A credit to the global banking system
Updated: 2013-03-18 02:30
By WU YIYAO in Shanghai (China Daily)
UnionPay cards help yuan become increasingly international currency
Zhou Kang relied solely on his Chinese UnionPay card to meet all bills during a seven-day trip to South Korea over the Spring Festival last month.
"Wherever I went I saw the logo for UnionPay and cashiers always asked me if I wanted to settle bills using it," said Zhou, 35.
From $700 for cosmetics to $2 for a coffee, transactions were smooth and it saved him a lot of time and the cost of converting Chinese cash into a foreign currency. Zhou also received a 6 percent discount at Lotte Mart, which was holding a UnionPay card holder's special offer during the festival.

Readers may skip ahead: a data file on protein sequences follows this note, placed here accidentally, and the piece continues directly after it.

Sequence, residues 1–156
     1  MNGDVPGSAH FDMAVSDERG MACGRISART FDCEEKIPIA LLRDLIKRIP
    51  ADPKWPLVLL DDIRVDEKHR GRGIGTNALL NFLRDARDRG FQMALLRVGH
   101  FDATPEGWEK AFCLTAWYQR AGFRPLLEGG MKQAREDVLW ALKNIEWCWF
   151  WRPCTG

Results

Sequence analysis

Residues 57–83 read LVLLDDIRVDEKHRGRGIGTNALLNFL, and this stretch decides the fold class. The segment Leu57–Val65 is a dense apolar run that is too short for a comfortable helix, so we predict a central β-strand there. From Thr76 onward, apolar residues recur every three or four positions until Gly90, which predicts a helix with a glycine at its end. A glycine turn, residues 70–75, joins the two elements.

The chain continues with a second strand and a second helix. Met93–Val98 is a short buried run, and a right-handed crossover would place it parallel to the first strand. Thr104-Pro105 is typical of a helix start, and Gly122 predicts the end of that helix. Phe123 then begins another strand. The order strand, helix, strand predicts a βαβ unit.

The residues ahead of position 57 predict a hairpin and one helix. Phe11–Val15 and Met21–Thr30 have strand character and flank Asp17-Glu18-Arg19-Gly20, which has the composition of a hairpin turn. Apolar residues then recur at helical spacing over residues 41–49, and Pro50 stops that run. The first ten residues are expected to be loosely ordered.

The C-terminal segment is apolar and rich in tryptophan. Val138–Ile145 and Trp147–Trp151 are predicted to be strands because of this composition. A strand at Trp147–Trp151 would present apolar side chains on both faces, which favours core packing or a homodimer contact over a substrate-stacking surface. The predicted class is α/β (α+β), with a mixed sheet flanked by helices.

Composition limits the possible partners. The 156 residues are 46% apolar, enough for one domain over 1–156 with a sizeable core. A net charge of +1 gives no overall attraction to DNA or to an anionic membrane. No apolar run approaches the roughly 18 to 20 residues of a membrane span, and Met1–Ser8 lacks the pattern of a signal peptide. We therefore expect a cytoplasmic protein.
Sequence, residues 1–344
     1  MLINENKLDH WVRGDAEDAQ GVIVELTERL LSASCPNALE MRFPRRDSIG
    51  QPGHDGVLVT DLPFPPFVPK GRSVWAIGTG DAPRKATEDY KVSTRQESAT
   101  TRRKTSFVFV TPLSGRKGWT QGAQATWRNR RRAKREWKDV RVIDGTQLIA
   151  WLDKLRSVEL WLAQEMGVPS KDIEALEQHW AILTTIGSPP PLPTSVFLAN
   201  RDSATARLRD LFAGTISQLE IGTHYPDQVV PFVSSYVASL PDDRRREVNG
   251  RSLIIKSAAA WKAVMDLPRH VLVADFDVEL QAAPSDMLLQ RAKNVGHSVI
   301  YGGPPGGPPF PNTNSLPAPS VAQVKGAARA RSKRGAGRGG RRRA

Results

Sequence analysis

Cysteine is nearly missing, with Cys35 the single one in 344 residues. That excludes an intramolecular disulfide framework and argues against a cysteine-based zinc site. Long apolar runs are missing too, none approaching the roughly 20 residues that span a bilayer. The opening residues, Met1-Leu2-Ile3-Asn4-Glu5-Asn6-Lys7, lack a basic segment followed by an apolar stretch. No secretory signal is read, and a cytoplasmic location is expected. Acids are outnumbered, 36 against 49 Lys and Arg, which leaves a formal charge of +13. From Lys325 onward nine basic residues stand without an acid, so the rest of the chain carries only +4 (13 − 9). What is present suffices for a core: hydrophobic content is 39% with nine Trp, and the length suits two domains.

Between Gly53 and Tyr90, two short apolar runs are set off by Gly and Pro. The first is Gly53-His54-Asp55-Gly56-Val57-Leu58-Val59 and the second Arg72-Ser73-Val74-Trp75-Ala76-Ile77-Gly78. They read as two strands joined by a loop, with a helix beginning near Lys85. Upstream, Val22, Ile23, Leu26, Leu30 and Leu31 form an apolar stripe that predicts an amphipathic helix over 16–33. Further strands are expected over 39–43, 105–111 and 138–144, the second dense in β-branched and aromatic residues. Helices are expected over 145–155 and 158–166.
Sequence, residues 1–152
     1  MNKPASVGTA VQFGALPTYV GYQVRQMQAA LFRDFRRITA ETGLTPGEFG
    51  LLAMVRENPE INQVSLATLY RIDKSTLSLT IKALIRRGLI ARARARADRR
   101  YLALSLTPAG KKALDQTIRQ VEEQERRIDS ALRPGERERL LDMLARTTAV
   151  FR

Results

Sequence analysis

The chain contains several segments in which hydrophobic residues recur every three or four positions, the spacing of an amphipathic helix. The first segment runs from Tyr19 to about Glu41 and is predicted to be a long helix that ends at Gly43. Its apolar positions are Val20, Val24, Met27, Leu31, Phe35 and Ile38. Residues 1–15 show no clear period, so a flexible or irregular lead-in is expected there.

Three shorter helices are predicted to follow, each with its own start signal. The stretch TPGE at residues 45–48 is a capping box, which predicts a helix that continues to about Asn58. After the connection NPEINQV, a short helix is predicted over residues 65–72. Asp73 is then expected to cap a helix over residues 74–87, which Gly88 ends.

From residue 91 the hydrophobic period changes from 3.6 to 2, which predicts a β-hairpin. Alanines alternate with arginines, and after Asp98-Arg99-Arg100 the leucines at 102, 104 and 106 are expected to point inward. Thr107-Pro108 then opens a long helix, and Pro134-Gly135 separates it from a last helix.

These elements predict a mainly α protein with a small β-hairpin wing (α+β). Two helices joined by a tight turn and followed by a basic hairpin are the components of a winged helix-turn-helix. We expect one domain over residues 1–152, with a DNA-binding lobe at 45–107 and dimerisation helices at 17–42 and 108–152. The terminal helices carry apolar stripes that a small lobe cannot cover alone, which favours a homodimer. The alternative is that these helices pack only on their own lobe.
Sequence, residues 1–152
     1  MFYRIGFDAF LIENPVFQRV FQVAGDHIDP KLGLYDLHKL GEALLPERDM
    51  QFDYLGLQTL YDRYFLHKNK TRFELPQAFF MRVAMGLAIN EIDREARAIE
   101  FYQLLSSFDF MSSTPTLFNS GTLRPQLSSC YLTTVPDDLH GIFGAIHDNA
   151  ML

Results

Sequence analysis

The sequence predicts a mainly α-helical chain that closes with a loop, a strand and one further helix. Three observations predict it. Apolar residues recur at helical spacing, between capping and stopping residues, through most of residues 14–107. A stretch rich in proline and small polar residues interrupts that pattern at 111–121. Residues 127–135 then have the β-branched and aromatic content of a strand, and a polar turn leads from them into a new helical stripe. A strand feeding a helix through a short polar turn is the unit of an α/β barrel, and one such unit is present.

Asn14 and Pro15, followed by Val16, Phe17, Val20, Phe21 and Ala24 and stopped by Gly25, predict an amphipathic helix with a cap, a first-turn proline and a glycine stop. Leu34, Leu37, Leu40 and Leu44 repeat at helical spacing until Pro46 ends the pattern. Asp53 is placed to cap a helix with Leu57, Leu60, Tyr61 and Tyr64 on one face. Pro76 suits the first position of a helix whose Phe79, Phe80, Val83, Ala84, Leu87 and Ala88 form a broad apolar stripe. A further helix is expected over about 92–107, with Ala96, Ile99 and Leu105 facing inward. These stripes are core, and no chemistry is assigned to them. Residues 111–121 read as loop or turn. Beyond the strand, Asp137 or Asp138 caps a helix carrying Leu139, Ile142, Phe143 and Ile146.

Zhou was among hundreds of thousands of China UnionPay card holders who traveled abroad during the Spring Festival, helping to boost the overseas transactions of the bank card by 33 percent year-on-year, according to its own statistics.
In Cambodia, Thailand, South Korea, Malaysia, Singapore, Europe, the Middle East and the United States, UnionPay posted a more than 40 percent growth in business.
UnionPay is the only Chinese bank card organization in the Chinese mainland. Founded in March 2002 it operates under the approval of the People's Bank of China, or the central bank. Its headquarters are in Shanghai and it has about 400 Chinese and overseas associate members.
By beginning of March 2013, UnionPay cards are accepted in 141 countries and regions outside the Chinese mainland; Institutions in 30 overseas countries and regions have issued UnionPay cards.
The United States, South Korea, Iceland, Hungary and Japan permit UnionPay credit card transactions via holders' signatures.
The 130 million UnionPay IC cards in the mainland and abroad were used in transactions during this Spring Festival to a value of 15 times that during last year's festival.